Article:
Gators lose two prospects to Kiffin, Vols

John Moorehouse • Feb 4, 2009 at 12:00 AM

KNOXVILLE — New Tennessee coach Lane Kiffin poached from three Southeastern Conference teams while building his coaching staff — while denying LSU the chance to add Ed Orgeron.

Wednesday, Kiffin, Orgeron and the rest of a staff of espoused “super recruiters” lured a pair of prospects out of the grasp of Florida on national signing day. The duo, wide receiver Nu’Keese Richardson and athlete Marsalis Teague, rank among the biggest highlights of a 19-player class that may yet be complete.

“In order to beat the national champion on the field, you have to beat the national champion in recruiting,” said Orgeron, the Volunteers’ recruiting coordinator and defensive line coach. “And we beat them twice.”

Tennessee also beat out Alabama and LSU, which compiled the top two classes in the country according to Rivals.com, for Atlanta safety Darren Myles.

The class includes players from eight states, with 11 on the defensive side of the ball. Twelve of the 19 signees are rated as four-star prospects by either Rivals.com or Scout.com.

Good, but not good enough in the long haul, according to Kiffin.

“Understand this class is far below the standards that we have here and what we’ll have in the future,” Kiffin said. “I don’t think this class is over. I think you’re going to see a big surprise coming in pretty quick.”

Several top-flight prospects, including top-rated running back Bryce Brown and former UT commitment David Oku, said they would wait until after national signing day to make their decisions.

Richardson appeared firm in his commitment to the Gators. His switcheroo makes him one of the jewels in Kiffin’s first class at Tennessee.

A receiver from Pahokee, Fla., Richardson had refused to take visits anywhere else but new UT running backs coach Eddie Gran successfully wooed Richardson to Rocky Top.

“Pahokee kids that Florida wants go to Florida,” Kiffin said. “That’s happened for a long time.”

Teague, who hails from Paris, Tenn., is considered the fourth-best prospect in the state. During his senior season at Henry County High School, he scored 18 touchdowns rushing, threw for 15 more and also reached the end zone returning interceptions, punts and kickoffs.

Myles is ranked as highly as the No. 5 safety in the nation according to ESPN. He could follow in the footsteps of current UT safety Eric Berry; Orgeron said he expects Myles to compete for a starting job this fall.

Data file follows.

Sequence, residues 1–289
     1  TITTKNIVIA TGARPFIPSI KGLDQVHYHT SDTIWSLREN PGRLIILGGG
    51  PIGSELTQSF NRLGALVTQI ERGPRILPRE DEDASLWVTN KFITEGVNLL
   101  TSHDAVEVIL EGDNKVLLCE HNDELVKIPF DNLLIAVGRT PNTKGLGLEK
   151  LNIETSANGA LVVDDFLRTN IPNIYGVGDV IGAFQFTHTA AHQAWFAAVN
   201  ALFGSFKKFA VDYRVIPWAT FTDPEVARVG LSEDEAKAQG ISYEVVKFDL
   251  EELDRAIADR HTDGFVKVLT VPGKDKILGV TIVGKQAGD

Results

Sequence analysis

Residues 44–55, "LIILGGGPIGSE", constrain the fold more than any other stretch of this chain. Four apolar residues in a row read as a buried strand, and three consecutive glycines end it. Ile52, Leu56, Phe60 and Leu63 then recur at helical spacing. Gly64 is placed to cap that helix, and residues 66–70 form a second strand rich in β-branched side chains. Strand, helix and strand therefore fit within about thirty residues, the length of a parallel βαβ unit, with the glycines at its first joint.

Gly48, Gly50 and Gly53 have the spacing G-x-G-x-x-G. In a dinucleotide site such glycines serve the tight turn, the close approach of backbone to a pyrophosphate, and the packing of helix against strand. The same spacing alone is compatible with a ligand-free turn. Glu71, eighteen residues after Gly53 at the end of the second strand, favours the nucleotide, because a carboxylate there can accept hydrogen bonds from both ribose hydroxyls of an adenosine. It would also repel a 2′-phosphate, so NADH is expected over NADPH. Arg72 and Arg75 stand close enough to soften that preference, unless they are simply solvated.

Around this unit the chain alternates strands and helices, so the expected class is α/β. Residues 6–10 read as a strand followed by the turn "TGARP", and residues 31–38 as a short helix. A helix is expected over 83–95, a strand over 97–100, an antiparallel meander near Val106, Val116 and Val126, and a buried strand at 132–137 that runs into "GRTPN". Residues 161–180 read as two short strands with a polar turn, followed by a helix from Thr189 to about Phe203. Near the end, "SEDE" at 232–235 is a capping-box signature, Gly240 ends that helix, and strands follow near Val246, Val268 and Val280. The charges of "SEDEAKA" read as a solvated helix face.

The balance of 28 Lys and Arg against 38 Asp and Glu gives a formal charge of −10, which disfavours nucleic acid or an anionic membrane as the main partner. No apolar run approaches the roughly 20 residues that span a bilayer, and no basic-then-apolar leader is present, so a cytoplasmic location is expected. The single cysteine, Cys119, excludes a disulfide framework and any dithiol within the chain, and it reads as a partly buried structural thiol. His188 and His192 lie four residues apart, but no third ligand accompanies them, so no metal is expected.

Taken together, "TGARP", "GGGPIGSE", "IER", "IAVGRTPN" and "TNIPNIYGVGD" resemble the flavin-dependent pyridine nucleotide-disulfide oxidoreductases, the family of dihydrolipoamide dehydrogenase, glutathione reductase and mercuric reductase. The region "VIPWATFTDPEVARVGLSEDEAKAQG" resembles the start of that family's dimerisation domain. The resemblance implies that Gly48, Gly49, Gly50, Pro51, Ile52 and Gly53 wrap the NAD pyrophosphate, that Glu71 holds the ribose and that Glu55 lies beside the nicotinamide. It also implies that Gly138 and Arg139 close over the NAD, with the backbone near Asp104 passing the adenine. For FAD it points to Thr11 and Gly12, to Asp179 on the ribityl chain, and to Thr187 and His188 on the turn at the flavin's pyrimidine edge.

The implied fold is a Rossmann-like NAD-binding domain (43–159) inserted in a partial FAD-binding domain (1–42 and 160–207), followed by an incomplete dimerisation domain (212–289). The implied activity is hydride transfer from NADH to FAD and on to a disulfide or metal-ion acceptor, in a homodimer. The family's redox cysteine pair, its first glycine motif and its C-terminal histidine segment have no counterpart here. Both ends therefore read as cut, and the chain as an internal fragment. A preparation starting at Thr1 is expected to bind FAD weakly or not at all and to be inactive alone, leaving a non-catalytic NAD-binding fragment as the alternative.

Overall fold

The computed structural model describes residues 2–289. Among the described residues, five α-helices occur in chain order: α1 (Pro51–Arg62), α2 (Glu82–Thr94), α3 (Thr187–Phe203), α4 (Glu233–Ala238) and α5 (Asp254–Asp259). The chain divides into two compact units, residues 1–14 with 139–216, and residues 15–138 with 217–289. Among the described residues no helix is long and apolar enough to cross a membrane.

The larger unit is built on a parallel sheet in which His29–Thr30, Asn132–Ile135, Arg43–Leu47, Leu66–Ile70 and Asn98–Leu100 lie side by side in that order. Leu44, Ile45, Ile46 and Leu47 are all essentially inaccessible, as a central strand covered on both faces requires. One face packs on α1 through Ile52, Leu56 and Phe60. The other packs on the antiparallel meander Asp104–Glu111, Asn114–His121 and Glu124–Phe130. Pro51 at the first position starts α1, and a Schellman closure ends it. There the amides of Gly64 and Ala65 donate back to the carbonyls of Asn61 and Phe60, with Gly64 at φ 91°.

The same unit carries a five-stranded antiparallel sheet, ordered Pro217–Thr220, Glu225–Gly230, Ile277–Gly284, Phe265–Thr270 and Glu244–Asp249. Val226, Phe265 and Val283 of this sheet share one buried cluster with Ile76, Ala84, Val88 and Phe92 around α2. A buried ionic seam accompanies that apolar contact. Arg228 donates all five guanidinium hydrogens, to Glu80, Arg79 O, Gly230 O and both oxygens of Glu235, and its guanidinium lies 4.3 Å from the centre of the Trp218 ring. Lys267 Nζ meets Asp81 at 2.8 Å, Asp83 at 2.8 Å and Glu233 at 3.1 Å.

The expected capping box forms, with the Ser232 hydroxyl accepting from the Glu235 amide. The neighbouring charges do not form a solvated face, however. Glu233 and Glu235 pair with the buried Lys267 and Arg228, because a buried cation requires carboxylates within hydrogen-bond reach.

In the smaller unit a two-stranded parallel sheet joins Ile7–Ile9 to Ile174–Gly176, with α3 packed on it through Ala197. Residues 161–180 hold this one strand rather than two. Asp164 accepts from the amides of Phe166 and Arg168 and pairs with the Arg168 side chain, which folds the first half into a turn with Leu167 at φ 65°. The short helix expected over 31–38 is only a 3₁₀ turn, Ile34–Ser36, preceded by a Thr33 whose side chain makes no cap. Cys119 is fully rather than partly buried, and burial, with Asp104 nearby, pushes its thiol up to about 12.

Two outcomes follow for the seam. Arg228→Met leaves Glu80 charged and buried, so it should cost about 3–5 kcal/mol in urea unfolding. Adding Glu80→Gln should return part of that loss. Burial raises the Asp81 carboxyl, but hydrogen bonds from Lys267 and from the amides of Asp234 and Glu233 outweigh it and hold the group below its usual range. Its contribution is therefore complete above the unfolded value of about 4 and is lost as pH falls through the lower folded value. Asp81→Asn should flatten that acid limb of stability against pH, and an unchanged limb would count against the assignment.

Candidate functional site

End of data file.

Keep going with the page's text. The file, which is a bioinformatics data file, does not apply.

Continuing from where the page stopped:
Kiffin vowed to build a fence around the state’s borders when he was hired. Teague helped UT snare four of the top 10 in-state prospects. Cornerback Eric Gordon, linebacker Greg King and wide receiver Zach Rogers are the others.

The Vols lost out on wide receiver Marlon Brown, the top prospect in Tennessee and No. 3 receiver in the country. Brown signed with Georgia.

“He called last night and said he loved it here, but his grandmother wouldn’t let him come,” Kiffin said. “I don’t know what you say about that.”

Other highlights in the class include Jerod Askew, a linebacker out of Chesapeake, Va., considered one of the top run-stoppers in the country; Gordon, a Nashville native who is one of the top 20 cornerbacks nationally; and New Jersey native Nyshier Oliver, a former Notre Dame commitment.

Defensive lineman Marlon Walls, originally part of the 2007 class who failed to academically qualify, re-committed.

Four signees — lineman Montori Hughes, end Rae Sykes, linebacker Nigel Mitchell-Thornton and running back Toney Williams — enrolled in January.

Four SEC schools finished with classes ranked in Rivals’ top 10. Tennessee was in that territory when Phillip Fulmer announced his imminent departure as coach. Athletic director Mike Hamilton said UT would honor all scholarships, but Kiffin told quarterbacks Tajh Boyd and Bryce Petty and athlete Damien Thigpen they didn’t fit his system and should look elsewhere.

“There’s a number of good players that don’t necessarily fit our system or our style of coaching,” Kiffin said.

The aggression of the coaching staff also worked against UT in some cases.

“Our staff is very intense,” Kiffin said. “I don’t think it’s for everybody. It scares some kids. We try to give them a dose of reality in that 48-hour visit instead of just fluff.”

Kiffin and his staff already are working on the 2010 class, and finding an elite quarterback will be a top priority. UT already has its first verbal commitment for ’10: Ooltewah defensive end Jacquez Smith, considered one of the top junior prospects in Tennessee.

For more on signing day at Tennessee, visit John Moorehouse’s “Orange Clockwork” blog at www.timesnews.net.

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